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HCI Seminar 4/20, Rebecca Fiebrink, Goldsmiths College — Machine learning for creativity, interaction, and inclusion

Michael Bernstein mbernst at
Mon Apr 16 09:34:49 PDT 2018

Machine learning for creativity, interaction, and inclusion
Rebecca Fiebrink, Goldsmiths College

April 20, 2018, 12:30-1:30pm, Gates B01 · Open to the public
CS547 Human-Computer Interaction Seminar (Seminar on People, Computers, and

In computer science, machine learning algorithms are typically framed as a
set of techniques for building accurate models of data, and research has
traditionally focused on building better models more quickly, and for more
types of modeling problems. Popular narratives around machine learning and
AI center around visions of progress and disruption driven by automation,
around a Terminator-style singularity, or increasingly around a dystopian
future of surveillance and manipulation of the public.

In this talk, I’ll discuss how these perspectives obscure many of the
opportunities for human benefit that can be found by applying machine
learning to vastly different types of problems and by making it usable by
more diverse people. I’ll describe my work exploring questions such as: How
can machine learning support human creativity and embodied interaction? How
can machine learning enable new groups of people to create and customise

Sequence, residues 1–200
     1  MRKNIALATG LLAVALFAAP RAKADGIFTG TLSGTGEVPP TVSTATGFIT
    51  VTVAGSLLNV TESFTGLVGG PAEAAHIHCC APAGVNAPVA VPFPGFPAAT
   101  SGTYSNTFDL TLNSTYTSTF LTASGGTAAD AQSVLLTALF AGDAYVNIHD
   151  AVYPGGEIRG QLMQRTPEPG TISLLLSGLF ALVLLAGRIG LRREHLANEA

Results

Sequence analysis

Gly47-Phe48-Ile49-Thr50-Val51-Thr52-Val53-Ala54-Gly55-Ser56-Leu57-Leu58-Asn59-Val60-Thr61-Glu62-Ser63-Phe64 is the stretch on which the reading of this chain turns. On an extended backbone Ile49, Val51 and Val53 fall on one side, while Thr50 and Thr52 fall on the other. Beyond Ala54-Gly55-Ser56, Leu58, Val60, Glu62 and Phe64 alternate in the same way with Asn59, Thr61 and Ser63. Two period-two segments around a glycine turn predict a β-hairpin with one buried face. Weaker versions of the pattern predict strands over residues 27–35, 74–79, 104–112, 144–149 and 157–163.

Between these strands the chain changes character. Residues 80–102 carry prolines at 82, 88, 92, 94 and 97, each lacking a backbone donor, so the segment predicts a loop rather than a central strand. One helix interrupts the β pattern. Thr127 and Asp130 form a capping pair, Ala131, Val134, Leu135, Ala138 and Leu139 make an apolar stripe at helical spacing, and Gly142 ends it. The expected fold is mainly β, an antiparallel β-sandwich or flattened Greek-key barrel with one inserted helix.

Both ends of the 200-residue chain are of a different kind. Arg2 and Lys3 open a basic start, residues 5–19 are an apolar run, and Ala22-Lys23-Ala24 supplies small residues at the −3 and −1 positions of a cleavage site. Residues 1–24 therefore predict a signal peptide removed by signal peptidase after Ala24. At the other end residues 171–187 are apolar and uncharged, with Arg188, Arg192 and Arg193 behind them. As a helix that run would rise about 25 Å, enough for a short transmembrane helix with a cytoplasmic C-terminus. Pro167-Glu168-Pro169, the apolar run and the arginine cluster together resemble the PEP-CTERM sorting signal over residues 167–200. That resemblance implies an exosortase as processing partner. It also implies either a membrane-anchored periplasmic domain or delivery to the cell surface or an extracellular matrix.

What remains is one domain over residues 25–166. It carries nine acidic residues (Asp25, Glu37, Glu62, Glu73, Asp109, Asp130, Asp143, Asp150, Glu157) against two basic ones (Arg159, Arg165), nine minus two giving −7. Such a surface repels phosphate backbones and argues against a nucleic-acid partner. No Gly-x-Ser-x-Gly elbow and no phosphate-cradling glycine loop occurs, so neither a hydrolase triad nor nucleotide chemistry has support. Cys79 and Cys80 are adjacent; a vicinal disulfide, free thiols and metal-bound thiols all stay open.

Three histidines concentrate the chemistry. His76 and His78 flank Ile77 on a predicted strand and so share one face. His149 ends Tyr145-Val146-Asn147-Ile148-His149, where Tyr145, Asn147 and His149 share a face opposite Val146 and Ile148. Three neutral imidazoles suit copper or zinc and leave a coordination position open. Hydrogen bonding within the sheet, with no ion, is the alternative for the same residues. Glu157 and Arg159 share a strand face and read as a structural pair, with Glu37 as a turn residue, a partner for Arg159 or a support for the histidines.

interactive technologies? How can machine learning fundamentally change
people's relationships with technology? When and how should our
computational framing of machine learning change to reflect different
contexts of use or user goals? How can we build usable machine learning
tools for people such as professional musicians and artists, kids, or
software developers? And how might we change machine learning education to
reflect machine learning's growing importance across society?

Dr. Rebecca Fiebrink is a Senior Lecturer (like an Associate Professor, but
British) in the Computing Department at Goldsmiths, University of London.
Much of her research focuses on designing new ways for humans to interact
with computers in creative practice, including on the use of machine
learning as a creative tool. Much of her work is also driven by an interest
in promoting inclusion, participation, and accessibility. She works
frequently with human-centred and participatory design processes, and she
is currently working on projects creating new accessible technologies with
people with disabilities, designing inclusive machine learning curricula
and tools, and applying participatory design methodologies in the digital

Fiebrink is the developer of the Wekinator, open-source software for
real-time interactive machine learning whose current version has been
downloaded over 10,000 times. She is the creator of a MOOC titled “Machine
Learning for Artists and Musicians,” which launched in 2016 on the Kadenze
platform. She was previously an Assistant Professor at Princeton
University, where she co-directed the Princeton Laptop Orchestra. She has
worked with companies including Microsoft Research, Sun Microsystems
Research Labs, Imagine Research, and Smule, where she helped to build the
#1 iTunes app "I am T-Pain." She holds a PhD in Computer Science from
Princeton University.
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